It seems a mammoth task and it is quite dull but important for me to have copies of my research, not just so I can cancel my Ancestry subscription, but so I ‘own’ my research. I use Nextcloud to save my personal files and can access these on my iPhone so am able to check records wherever I am which is really useful. I started saving records last week and have done about 5% so far. But I know if I keep at the task for a few weeks, I will soon have much better records at my fingertips and am not beholden to paying anyone to access them. I’ve already re-discovered some interesting facts I had forgotten about so I think this will actually be a useful exercise.

Royal School for Naval and Marine Officers’ Daughters

I did a little more digging into The Royal Naval Female School  which was founded in 1840 on Richmond Green as a boarding school for the orphaned daughters of Navy officers. In 1857 it moved to St Margaret’s House, between the Thames and Kilmorey Road, which was then part of Isleworth. In 1941, St Margaret’s House was damaged by bombing and the school moved to Haslemere. In 1995 it merged with the Grove School and became the Royal School, catering for girls and boys.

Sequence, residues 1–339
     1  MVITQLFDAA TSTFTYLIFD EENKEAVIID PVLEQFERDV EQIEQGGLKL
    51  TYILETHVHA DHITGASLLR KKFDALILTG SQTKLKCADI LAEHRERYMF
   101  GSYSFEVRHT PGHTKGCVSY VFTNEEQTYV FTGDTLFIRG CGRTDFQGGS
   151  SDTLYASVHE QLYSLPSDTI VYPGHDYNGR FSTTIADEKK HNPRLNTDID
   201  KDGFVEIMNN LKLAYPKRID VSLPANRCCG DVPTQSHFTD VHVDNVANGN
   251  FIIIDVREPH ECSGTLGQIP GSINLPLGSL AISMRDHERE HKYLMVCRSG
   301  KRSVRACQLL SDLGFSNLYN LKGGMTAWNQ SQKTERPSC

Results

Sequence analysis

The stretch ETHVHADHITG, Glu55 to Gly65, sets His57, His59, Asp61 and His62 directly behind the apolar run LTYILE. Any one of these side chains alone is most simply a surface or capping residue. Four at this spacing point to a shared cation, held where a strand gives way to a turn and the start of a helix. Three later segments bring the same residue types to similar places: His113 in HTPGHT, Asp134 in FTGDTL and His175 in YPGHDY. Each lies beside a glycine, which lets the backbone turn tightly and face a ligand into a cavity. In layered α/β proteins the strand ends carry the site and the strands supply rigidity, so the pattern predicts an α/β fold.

I found Blanche Young was a scholar there from the 1871 census. The school was founded to educate the daughters of Naval officers to earn a living. Blanche Youngs’ father had died in 1861 when she was only 5 years old. She had an older brother and sister as well as a younger sister. I wonder how her mother felt at sending her away from home?

At the time of the 1871 census The Royal Naval Female School was based at St Margaret’s House, between the Thames and Kilmorey Road. I had a look on Google Streetview but today there are only modern buildings there now.

I checked to see if her perhaps brother had been sent to The Naval School for Boys as I have been unable to find him on the 1871 census, but sadly he wasn’t there.

Hounslow Local Studies Service holds a register of subscriptions and fees (1868-1875), as well as other information relating to the school. Something else added to my do list for a rainy day 🙂